Tuesday, April 14, 2009
Noam Chomsky addressed an issue I’ve been meaning to write about for a while: what it really means when a political pundit says that something is “not politically feasible”.
Chomsky explains that “not politically feasible” means that the powers-that-be don’t want it, even if the people overwhelmingly and passionately support it:
Up until the year 2004, that idea was described, for example, by the New York Times as politically impossible and lacking political support. So, maybe the public wants it, but that’s not what counts as political support. The financial institutions are opposed, the pharmaceutical institutions are opposed, so it’s not—no political support…
This is very revealing insight into how American democracy functions and what is meant by the term “political support” and “politically possible.” Again, this should be headlines. Will a proposal come that approaches what the public wants?…
It is not politically possible and lacks political support—[no one important wants it, ] just the population…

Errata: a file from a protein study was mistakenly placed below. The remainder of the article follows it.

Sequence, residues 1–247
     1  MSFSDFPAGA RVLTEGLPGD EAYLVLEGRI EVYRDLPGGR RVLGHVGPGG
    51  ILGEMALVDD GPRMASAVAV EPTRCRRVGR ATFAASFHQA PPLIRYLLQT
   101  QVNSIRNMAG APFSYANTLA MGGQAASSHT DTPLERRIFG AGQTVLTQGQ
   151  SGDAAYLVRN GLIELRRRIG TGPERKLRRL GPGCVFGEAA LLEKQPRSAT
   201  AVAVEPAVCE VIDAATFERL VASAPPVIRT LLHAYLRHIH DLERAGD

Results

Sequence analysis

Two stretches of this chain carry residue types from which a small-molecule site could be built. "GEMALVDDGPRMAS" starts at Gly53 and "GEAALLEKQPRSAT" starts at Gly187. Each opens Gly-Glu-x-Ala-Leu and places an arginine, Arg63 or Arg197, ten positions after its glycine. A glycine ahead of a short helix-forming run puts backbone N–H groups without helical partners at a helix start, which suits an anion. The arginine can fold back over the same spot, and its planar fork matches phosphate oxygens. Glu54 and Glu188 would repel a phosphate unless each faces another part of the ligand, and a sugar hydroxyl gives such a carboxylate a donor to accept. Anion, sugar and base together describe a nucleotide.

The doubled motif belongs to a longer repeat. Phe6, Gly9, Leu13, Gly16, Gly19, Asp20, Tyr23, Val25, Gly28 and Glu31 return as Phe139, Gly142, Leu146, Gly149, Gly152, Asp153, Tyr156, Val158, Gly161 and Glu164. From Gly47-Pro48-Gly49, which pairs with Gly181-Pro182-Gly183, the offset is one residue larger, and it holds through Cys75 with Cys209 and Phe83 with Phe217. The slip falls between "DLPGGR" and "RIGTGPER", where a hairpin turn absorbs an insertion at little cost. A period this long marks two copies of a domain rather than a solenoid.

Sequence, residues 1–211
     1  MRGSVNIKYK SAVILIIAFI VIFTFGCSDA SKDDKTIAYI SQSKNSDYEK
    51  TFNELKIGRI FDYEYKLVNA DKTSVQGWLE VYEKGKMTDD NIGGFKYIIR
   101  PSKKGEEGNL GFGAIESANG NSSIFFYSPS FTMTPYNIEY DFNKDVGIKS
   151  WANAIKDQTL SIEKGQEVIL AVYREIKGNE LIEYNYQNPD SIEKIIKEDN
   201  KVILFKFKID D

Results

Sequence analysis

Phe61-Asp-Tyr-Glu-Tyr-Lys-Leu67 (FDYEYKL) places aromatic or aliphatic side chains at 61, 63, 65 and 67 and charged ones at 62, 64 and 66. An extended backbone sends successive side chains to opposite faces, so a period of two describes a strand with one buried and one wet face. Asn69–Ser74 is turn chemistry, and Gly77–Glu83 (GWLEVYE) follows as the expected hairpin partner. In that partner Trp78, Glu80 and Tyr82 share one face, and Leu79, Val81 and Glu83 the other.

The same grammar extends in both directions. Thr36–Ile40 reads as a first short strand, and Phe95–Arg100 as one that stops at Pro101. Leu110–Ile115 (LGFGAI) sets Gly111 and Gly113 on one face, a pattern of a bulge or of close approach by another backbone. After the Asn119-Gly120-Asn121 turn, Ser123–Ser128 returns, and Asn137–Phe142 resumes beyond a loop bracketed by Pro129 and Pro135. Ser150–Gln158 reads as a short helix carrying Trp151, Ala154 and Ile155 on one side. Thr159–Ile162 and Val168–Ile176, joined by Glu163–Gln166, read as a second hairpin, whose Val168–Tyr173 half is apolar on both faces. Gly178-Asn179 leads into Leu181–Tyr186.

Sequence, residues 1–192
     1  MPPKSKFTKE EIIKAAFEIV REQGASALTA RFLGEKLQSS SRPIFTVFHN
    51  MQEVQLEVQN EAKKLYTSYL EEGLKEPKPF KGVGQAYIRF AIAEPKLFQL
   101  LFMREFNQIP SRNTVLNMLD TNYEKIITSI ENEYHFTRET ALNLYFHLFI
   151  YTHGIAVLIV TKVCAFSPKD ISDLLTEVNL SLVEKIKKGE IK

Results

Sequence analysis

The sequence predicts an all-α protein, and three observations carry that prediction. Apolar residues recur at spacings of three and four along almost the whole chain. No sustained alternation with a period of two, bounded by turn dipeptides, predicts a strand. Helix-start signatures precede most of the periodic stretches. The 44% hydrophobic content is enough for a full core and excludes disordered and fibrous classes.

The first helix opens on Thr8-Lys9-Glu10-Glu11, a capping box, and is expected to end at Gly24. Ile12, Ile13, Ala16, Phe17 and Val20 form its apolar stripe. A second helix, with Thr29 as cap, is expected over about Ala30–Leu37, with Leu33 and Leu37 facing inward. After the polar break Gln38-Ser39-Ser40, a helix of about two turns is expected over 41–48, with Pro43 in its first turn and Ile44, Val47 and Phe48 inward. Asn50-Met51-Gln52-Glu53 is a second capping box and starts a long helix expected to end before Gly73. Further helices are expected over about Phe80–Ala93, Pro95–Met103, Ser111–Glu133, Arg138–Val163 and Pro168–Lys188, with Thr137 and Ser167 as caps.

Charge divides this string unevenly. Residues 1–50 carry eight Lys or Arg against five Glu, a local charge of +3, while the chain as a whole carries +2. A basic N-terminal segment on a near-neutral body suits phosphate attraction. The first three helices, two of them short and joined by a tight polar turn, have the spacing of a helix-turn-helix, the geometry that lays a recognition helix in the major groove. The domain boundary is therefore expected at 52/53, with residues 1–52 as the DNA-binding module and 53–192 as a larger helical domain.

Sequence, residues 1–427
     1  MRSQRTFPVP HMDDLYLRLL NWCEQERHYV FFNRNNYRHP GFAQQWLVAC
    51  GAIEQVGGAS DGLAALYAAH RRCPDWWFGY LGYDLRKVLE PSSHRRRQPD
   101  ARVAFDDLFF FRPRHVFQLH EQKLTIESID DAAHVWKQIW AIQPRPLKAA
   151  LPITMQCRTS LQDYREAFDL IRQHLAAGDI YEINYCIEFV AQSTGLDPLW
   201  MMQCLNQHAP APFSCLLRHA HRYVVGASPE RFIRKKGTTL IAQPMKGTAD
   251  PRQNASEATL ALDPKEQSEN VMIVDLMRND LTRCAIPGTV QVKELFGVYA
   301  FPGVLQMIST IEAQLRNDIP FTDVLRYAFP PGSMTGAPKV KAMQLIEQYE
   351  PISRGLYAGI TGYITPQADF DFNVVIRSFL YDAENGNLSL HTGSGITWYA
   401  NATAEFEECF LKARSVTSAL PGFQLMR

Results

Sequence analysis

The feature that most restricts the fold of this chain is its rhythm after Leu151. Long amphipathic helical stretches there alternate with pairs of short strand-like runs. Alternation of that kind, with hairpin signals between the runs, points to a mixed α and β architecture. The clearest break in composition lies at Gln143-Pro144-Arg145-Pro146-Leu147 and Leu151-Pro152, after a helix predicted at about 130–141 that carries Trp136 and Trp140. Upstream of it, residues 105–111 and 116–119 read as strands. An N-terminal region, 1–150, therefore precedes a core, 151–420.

Chomsky was talking about healthcare, but this applies to every other area of politics as well.
For example, after the TARP bailouts were exposed as a waste of money which did not address the real economic problems, I saw a tv news pundit say that the bailouts were a bad idea, but at the time, “it was not politically feasible” to do anything else. I bet you’ve heard similar things said about any constructive proposal which would address the real problems with our economy.
And the same is true of any other proposal which challenges any aspect of power of the big boys.
The way to combat this tactic? Cite poll numbers showing that it is politically feasible because the people want it.
This article was posted: Tuesday, April 14, 2009 at 4:05 am